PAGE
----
Midnight Woodworking


Arch-top cabinet – day 4

Last night I quit for the day when I realized the screws for the door pulls were too long.

My fix for that is to use a cut-off wheel, on my Dremel tool. I used to use a hack saw, but that really would mash up the threads, at the cut end. The Dremel cuts a lot cleaner. I use a jeweler’s file to clean up or reshape any threads where it was cut.

Now the screws are the right length.

I marked two holes to be drilled. After starting the holes, to set their locations, I opened the doors and held a scrap block of wood behind the area I was drilling through. This prevents any blow-out of the wood at the exit point.

I screwed the hardware on to test the pulls. I have to remove them to finish, but when I do the final install, I will add a drop of CA glue to help prevent them from backing out with use.

The last step, before finishing, is to come up with some feet. Their needs to be a gap below so the cabinet can be easily lifted. I am using another small cut-off from the scrap pile that is also 5/8″ thick. This will match the thickness of the doors, base, and walls.

I cut the scrap into 2″x2″ squares, and added a 1/4″ round over to a couple of pieces to see what look I preferred.

I made three different shapes: square, half-round, and full-round. My wife came down to work, so I asked her opinion. We both agreed on the full round option shown below.

I took a break to get her set up on the lathe.

Today she is experimenting with eccentric turning. You set multiple center locations, and turn the piece part way at each.

This can give you a nice oval shape, like a hammer handle. If you get creative and move the center more, and flip the piece, it comes out all wobbly, like below. Kind of neat, and fun to experiment with.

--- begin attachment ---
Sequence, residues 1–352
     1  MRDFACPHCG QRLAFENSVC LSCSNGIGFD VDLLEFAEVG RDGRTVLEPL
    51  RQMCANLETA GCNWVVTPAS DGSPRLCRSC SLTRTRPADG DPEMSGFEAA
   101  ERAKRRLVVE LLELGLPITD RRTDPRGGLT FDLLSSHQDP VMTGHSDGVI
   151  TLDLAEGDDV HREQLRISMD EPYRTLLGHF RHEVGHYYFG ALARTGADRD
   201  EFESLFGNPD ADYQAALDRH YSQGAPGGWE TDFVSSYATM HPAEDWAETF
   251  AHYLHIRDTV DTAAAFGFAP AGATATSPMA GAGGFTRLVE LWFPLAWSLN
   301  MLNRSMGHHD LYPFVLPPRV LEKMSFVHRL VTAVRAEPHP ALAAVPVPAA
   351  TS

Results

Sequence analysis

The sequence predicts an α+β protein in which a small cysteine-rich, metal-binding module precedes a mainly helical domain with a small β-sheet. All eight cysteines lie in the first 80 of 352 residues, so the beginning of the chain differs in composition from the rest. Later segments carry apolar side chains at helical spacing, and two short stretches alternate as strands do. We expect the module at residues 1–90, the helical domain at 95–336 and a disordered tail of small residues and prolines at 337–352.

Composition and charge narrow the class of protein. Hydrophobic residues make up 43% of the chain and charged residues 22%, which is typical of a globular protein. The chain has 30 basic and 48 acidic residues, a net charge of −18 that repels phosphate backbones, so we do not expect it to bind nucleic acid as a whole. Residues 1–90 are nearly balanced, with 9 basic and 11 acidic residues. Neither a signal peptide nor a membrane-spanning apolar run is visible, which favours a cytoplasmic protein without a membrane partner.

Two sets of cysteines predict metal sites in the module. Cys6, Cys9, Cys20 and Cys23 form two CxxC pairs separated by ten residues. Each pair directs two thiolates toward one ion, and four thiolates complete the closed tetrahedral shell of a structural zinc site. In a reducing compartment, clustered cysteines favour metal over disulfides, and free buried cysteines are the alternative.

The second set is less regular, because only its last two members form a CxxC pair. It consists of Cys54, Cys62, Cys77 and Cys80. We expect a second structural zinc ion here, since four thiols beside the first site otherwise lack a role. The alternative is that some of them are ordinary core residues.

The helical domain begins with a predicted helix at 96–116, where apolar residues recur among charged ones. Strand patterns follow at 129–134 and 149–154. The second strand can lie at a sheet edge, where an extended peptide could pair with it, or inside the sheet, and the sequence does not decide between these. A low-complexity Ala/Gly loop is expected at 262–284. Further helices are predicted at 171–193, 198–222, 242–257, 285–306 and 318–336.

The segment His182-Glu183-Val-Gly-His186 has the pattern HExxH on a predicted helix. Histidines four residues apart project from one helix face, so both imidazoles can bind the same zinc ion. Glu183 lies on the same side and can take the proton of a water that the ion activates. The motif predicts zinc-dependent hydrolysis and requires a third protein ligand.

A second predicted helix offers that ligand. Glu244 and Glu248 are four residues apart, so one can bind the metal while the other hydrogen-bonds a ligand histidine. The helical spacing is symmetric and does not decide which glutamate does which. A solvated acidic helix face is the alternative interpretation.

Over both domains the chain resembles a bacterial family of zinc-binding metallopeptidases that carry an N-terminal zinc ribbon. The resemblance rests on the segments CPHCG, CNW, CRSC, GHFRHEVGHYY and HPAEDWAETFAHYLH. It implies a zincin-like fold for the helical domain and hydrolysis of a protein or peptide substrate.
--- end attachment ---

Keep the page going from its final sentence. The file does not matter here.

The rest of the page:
Oh well, getting back to work, I hand sanded all the feet and applied some glue.

I used two 3/4″ brad nails to hold the feet in place while they dried.

Assembly complete!

Now it is time to tear it all apart again.

The case is still not attached to the base, because it will be easier to apply finish to the pieces separately. I used a light pencil mark to trace the retainer section. This is where my glue joint will be.

I masked the future glue joint areas with tape. Hopefully these areas will stay bare during the finish process. Glue sticks better to bare wood.

And look, Adam decided to come down and play on the lathe as well. He turned a cherry snowman. (Yes, his apron is on backwards. That keeps the front pocket from filling with sawdust…)

Before I apply any finish, I want to protect the water based paint on the sunburst. I got a new can of shellac and sprayed a fast-drying coat on. I don’t expect the paint to react with the finish I am using, but better safe than sorry.

I set all of my parts up on pyramids and got out the Tung oil. I was going to use a wipe-on polyurethane, but my wife offered to help and she doesn’t like the fumes from poly.

Just a little bit of oil and the walnut’s grain really jumps to life.

With my wife’s help, it only took a few minutes to finish up the first coat.

I will probably apply 4 to 5 coats, over the next few days, leaving the box protected with a nice low-gloss finish.

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